2. Take a virtual field trip
Photography and video are wonderful ways to portray people and places our students have never seen but they lack the interaction teenagers need in order to really connect. Web conferencing has the potential to provide that opportunity. By coordinating with a tour guide or some other knowledge person in other parts of the country or even the world, teachers could set up “virtual field trips” for their students in which they experience a place right along with a tour guide. The tour guide may provide photos and video but also interact with the students as he or she explains the field trip area. This idea becomes similar to talking to an expert but with a focus on experiencing the environment in a more realistic way than through simple video.

 

Example: While reading Arthur Miller’s The Crucible, a teacher could bring her students on a “virtual field trip” of the area in Massachusetts Bay where the story is set. The Witch Dungeon Museum and the Witch History Museum could be videoed and explained by museum personnel. Questions and answers would also be possible during the web conferencing session. Of course setting something like this up may be more difficult but with iphone capability it would be rather easy for a technological savvy tour guide.

 

3. Collaborative Learning
This is my favorite idea for web conferencing in the secondary English classroom. Frequently, teachers want to generate discussion and conversation over texts but our students often get stuck on the same narrow minded perspectives. We can’t necessarily blame them considering the communities many of them grew up in without a whole lot of diversity. I find it invaluable to have perspectives from various different backgrounds brought into the classroom for discussion. Because we do not always have access to this diversity geographically, web conferencing provides a great opportunity to bring two drastically different classrooms together. Through conversation between students from different parts of the world, it is much easier to open students’ minds to a reality much bigger than their own.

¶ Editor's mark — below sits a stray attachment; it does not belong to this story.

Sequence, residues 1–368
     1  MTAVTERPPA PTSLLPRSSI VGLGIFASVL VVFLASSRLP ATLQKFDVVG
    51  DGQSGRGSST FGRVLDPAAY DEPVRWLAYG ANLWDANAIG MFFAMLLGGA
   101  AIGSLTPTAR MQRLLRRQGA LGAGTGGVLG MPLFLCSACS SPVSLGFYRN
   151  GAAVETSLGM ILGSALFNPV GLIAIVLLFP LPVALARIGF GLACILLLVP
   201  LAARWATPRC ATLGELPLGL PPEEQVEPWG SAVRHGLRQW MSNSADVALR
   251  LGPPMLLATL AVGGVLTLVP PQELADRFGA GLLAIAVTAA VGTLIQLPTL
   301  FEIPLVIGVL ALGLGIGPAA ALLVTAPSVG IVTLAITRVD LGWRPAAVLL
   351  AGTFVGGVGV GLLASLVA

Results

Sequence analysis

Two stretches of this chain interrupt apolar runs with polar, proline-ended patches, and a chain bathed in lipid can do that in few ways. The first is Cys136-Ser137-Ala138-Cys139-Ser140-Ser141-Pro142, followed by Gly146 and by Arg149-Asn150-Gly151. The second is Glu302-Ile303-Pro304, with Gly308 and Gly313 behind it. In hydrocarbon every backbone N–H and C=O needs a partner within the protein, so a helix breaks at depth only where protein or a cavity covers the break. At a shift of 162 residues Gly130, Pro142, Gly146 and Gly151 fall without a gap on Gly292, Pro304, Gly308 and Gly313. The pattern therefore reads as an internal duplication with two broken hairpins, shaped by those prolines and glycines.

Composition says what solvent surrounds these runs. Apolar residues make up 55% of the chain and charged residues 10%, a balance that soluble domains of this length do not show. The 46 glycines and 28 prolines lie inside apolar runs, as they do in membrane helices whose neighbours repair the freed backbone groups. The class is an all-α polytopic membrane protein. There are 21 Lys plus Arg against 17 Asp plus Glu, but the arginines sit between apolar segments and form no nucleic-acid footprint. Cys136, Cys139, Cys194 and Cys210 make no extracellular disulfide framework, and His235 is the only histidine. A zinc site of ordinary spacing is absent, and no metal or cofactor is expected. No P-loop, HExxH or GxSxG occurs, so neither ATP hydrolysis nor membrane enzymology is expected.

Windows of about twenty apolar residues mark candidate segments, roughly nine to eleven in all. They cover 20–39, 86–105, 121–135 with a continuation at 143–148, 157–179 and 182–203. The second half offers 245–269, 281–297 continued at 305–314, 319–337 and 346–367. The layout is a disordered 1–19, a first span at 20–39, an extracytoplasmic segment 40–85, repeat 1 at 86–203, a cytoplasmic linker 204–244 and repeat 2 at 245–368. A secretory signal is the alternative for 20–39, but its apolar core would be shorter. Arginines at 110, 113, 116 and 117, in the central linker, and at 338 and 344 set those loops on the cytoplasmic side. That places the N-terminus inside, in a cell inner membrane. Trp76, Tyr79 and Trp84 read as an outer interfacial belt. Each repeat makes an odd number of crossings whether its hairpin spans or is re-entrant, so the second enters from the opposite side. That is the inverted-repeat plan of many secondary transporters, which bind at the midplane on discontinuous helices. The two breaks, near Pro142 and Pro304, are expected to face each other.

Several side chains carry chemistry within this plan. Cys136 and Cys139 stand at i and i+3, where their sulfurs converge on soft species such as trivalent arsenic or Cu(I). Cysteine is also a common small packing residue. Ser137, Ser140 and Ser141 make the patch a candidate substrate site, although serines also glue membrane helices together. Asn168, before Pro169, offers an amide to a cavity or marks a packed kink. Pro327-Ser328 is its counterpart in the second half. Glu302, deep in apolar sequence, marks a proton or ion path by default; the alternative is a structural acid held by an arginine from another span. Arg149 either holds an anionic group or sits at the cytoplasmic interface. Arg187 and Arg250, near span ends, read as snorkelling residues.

Note: This will of course take a bit of planning. Drastically different classrooms to collaborate with may be found within the United States or abroad. Beginning as penpals is often a good idea to find these contacts. There are many websites that help facilitate this interaction although it is hard to find any resource for hooking up international classrooms via web conferencing.

 

Example: I am lucky enough to have travelled abroad and have contacts at an international school in Bangkok, Thailand. I think it would be extremely interesting to read a book like Animal Farm that has a political focus and discuss it with a class in Thailand. Because Thailand’s political structure is quite different from our own, it would be very interesting to see how students from each classroom brought their different perspectives to the discussion. We would of course lay a lot of ground work beforehand to set up times and etiquette for this project. We would also have to split students into groups in order to get everyone involved. It would be nice if the students could talk with their group mates from Thailand via email prior to the synchronous web conferencing discussion.

 

Images courtesy of: Google Images